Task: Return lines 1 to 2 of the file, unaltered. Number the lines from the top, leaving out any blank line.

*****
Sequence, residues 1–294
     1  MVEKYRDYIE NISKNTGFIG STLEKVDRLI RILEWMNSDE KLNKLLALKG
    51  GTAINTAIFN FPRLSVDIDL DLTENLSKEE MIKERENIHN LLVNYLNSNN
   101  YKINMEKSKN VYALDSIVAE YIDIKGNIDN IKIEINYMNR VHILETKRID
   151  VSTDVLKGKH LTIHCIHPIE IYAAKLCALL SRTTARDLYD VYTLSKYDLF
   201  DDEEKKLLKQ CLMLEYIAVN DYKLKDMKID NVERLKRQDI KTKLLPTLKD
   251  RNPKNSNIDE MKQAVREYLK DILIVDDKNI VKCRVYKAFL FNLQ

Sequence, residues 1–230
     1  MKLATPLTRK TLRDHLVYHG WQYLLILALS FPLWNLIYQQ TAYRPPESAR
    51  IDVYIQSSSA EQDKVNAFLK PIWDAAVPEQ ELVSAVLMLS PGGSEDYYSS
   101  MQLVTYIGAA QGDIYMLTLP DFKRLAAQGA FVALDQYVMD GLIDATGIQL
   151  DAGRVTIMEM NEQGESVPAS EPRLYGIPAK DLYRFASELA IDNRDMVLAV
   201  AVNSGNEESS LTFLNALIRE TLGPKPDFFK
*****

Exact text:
Sequence, residues 1–294
     1  MVEKYRDYIE NISKNTGFIG STLEKVDRLI RILEWMNSDE KLNKLLALKG